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Why good people sometimes do bad things: 52 reflections on ethics at work
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Good behavior can therefore lead to bad behavior, but could the opposite also be the case?That
bad behavior leads to good behavior? In order to study this, Francesca Gino and colleagues
came up with the following experiment. The participants, students of the University of
Pittsburgh, divided into groups of 8 to 14, were required to perform 20 tasks in which (as in
the experiment described in chapter 10) they must ind two numbers on each page which
added up to 10 precisely. They were given ive minutes to do this. They were then allowed to
determine their own score and take 50 cents out of an envelope placed on the table for them.
The participants then put their answer sheets through a shredder, so that no one could ind out
whether they had cheated. One group served as a control; these participants were required
to hand in their answers, so that the researchers could ind out what the actual score was.
But here is the crux. The researchers had placed an assistant in some groups. This participant,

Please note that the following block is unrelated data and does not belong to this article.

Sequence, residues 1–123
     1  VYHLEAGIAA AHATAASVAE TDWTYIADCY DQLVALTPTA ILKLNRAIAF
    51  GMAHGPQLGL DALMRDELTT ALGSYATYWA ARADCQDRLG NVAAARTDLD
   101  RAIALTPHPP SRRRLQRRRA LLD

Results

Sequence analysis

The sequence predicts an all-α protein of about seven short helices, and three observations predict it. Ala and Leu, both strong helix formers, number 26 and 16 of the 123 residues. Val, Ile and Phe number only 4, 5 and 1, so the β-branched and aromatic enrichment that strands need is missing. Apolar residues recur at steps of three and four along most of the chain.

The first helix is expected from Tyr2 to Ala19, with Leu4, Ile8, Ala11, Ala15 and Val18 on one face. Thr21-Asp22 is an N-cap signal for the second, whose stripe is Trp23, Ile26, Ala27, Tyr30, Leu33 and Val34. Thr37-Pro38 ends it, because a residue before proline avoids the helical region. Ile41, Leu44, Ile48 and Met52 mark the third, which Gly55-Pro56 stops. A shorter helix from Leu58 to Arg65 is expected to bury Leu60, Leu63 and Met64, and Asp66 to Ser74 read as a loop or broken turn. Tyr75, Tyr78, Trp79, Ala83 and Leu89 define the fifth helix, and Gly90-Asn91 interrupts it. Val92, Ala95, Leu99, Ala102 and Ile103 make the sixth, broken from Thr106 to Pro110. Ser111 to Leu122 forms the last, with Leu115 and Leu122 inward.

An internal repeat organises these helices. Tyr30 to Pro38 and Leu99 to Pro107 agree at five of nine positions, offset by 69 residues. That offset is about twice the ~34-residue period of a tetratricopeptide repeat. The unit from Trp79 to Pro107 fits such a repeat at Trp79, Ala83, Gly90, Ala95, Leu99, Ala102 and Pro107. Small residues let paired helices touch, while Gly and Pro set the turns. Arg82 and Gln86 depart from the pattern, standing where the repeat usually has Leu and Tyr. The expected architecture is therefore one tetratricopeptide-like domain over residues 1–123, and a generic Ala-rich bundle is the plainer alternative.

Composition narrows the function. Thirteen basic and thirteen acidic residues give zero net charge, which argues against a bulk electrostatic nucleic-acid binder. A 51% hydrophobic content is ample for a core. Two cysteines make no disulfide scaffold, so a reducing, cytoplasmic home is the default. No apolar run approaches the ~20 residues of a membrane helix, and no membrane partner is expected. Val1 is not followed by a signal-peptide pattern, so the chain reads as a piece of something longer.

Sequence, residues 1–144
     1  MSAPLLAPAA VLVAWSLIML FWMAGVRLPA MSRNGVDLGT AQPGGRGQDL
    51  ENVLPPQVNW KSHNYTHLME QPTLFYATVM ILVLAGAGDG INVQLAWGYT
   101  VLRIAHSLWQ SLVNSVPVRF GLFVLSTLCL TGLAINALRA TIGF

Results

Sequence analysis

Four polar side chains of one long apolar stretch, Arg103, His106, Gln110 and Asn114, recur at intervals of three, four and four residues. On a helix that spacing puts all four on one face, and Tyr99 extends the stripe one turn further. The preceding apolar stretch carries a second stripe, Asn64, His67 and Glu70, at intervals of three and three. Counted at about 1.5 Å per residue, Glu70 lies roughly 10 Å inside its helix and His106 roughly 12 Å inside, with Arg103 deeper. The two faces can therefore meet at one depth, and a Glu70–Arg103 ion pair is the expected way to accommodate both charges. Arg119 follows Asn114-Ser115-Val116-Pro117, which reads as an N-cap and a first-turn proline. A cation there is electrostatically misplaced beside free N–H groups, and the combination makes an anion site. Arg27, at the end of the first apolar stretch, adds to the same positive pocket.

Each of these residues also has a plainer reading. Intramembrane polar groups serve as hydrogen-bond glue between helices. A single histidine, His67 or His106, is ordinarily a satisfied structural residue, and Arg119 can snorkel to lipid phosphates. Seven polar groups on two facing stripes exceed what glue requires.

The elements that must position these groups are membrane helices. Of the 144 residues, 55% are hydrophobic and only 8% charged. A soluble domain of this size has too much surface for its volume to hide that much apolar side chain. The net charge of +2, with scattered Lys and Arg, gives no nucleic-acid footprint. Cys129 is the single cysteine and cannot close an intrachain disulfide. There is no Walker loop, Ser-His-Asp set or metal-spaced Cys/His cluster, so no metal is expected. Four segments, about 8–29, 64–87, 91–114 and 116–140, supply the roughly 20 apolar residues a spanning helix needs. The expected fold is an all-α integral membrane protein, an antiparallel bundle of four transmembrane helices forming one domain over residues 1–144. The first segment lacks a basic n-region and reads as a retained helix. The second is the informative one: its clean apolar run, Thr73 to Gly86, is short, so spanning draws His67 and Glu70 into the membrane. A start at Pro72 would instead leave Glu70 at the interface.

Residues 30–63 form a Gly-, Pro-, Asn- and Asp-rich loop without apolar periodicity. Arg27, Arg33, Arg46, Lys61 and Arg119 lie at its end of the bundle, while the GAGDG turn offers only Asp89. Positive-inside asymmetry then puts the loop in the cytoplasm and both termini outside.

dressed in a white T-shirt, made it known very conspicuously that he was inished after one
minute. He said that he had answered all the questions right and could take the 10 dollars
home. For the other participants there was only one possible interpretation: this was a cheat.
What effect would this have on the behavior of the other participants? Would they now also
In the control group, where no cheating was possible, 7 questions were answered correctly,
so the participants received 3.5 dollars. In the groups without an assistant, the participants
on average claimed to have answered 12 questions correctly. The average cheat therefore
lied about 5 questions. In the groups with an assistant, the participants on average claimed
to have answered 15 questions correctly: more than double the score of the group which
could not cheat. This illustrates the effect of a rotten apple on the behavior in the group. The
notion that this person belonged
the group was indeed the relevant point. What happened
when the assistant, instead of wearing a white T-shirt, wore a T-shirt with the logo of Carnegie
Mellon University, the arch rival of the University of Pittsburgh? The participants now claimed
to have answered 8 questions correctly, considerably less than in the situation in which the
cheat was seen as a student from the same university, and even considerably less than when
there was no cheat in the group!
Gino and colleagues’ experiment shows that when the rotten apple is seen as belonging to
their group it ‘infects’ the other apples. When the rotten apple is seen as a rival, an outsider, the
cheating decreases, as if it has had a cleansing effect. People distance themselves from the
22. Fare dodgers and black sheep: when model behavior backires